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    #46
    It baffles me why these areas that are running out of water continue to allow expansion and development, more buildings, more people, etc.
    Limited resources should mean a limited amount of people reside there.

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      #47
      Originally posted by Fishindude77 View Post
      It baffles me why these areas that are running out of water continue to allow expansion and development, more buildings, more people, etc.
      Limited resources should mean a limited amount of people reside there.
      Didn't Las Vegas do just that?
      I believe that they were only going to allow expansion out to a certain point into the foothills.
      This was back in 2007 or so when a huge amount of people were moving there.
      The housing market collapse ended the influx, so I don't know where they stand today.
      Brian

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        #48
        Originally posted by TexasHusker View Post

        I live in a part of Texas where, if you didn't water it, everything would be dead. And if everything was dead, that wouldn't be too good - this small region provides roughly half of the beef consumed in the U.S. Of course, we are sitting on top of the largest aquifer in the world - the Ogallala - but even it is not bottom-less.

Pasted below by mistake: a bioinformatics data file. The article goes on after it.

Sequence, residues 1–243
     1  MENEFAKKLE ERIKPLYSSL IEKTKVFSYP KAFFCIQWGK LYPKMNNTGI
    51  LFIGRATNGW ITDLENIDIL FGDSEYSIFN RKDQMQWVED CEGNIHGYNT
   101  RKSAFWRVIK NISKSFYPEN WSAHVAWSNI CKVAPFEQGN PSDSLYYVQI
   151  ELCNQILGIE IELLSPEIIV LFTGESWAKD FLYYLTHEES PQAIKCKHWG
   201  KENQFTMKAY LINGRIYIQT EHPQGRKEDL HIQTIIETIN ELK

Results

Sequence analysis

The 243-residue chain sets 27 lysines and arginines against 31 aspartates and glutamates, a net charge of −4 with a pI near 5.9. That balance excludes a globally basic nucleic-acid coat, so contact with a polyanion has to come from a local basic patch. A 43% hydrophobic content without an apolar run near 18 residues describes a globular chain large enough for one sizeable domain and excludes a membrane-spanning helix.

At some point - certainly not in my lifetime - we will as a nation need to create a pipeline/water distribution system (a network of pipelines) to better address areas that are suffering drought, not unlike a power grid. The southeastern US had almost a decade-long drought that ended just a few years ago. These situations could be greatly eased with a water supply grid system.

        Droughts are nothing new, but they could sure be better managed.
        Dry areas in Texas that provide crops of beef should get water because it's a necessity as long as there is demand for beef. That may change over time, though, if people consume less beef or the livestock is moved to areas that have easier and more reliable access to water. While the crops get water, I am still opposed to residential water usage to have green lawns...what is the possible benefit?